I used grape leaves that had been soaked in brine. It took me about thirty minutes (no joke) to pull them from the jar. My parents grow a few grape vines behind their garage. And there is another vine growing around the swing set that my brothers and I used to play on as kids. I wonder if I might be able to use a few of these leaves in the future. To note, there is no wine-making in the works just yet; I am still attempting to persuade my parents to make some.

Just to update, our herbs are looking well. And we pulled our first head of garlic last night. Not bad. Not bad at all.

the first head of garlic

from left to right, chopped scallions, chives, mint, dill, and curly parsley

the swing set grape vine — a bit odd, but it seems to work

I have completed 24 of Batmanglij’s 268 recipes. Percentage complete: 8.96%

fresh pasta with green onions and roasted red peppers

To make fresh pasta, all you need is flour and eggs. And a pasta roller. There are some eggless varieties as well, although I haven’t attempted those yet. The pasta here is about 60% whole wheat.

the eggs in their well of flour

the pasta roller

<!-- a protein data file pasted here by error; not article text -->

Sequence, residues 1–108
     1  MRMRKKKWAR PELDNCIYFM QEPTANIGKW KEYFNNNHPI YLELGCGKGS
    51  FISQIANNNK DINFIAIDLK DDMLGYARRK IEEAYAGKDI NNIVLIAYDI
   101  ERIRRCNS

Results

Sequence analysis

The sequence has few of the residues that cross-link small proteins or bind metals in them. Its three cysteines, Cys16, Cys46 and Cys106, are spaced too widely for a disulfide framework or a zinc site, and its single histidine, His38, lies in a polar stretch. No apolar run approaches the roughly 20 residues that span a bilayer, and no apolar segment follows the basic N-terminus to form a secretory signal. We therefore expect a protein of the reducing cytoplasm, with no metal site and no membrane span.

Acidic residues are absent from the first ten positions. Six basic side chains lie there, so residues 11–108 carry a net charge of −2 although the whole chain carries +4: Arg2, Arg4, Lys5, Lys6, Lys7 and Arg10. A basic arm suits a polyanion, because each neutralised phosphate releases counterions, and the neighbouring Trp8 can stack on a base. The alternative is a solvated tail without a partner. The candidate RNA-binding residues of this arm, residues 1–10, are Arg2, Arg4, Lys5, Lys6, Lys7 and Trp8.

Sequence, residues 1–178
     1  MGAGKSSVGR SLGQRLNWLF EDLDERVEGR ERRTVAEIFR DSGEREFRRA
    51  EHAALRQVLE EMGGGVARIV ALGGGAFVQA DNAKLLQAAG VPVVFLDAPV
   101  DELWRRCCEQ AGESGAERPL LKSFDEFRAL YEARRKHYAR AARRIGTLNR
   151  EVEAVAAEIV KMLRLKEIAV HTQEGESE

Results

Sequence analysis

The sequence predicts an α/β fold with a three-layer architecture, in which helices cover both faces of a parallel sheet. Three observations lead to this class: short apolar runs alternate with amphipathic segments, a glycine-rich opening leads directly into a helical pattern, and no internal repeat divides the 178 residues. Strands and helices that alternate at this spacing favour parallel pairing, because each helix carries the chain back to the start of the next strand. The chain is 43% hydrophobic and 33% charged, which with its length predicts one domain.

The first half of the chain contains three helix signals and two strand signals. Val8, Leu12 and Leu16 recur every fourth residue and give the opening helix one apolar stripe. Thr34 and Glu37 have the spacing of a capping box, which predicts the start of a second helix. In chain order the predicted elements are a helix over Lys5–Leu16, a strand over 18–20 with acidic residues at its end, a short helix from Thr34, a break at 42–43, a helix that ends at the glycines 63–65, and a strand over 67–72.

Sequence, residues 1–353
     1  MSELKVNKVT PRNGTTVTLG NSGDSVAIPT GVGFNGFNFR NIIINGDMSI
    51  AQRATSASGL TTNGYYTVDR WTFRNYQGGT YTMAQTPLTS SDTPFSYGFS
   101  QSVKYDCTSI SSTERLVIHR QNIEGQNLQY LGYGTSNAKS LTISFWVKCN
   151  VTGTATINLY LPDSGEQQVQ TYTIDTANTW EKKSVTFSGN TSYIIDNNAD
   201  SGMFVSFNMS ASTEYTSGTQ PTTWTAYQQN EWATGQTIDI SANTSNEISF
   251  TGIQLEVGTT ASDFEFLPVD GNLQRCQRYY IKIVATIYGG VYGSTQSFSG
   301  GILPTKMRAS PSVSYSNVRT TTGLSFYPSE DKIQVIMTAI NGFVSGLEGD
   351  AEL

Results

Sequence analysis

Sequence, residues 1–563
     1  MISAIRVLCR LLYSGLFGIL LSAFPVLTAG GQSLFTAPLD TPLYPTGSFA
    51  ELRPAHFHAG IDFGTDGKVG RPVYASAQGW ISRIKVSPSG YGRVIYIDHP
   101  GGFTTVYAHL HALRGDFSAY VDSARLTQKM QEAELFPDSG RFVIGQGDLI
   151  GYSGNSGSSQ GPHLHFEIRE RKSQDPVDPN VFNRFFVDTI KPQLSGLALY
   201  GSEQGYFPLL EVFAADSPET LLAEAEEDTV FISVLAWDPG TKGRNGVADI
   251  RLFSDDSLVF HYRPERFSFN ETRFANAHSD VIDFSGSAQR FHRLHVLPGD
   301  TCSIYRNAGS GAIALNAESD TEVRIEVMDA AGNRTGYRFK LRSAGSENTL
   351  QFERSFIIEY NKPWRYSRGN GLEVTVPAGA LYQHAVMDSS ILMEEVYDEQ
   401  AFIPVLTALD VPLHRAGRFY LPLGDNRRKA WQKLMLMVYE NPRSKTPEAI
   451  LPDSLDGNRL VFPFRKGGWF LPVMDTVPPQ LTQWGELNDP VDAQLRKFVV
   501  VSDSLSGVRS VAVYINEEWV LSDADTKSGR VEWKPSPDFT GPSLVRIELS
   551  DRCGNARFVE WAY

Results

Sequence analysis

Some of our sage plants have been getting strangely woody, so I cut some back and threw the leaves with the basil. While chopping the herbs, I was pretty sure I was committing a form of culinary blasphemy. But surprisingly, sage and basil actually works.

basil, flat-leaf parsley, and sage

In other news, I have come to the decision that everyone should roast red peppers. Daily. Place a bell pepper under the broiler for about twenty minutes, turning every once in a while. The skin will blacken and blister. After you take it out, seal it tightly in a brown paper bag. Once cooled to room temperature, its skin will slip right off. Heaven.

roasted red bell pepper, just out of the oven

the summer’s first sweet onion

green onions in cool water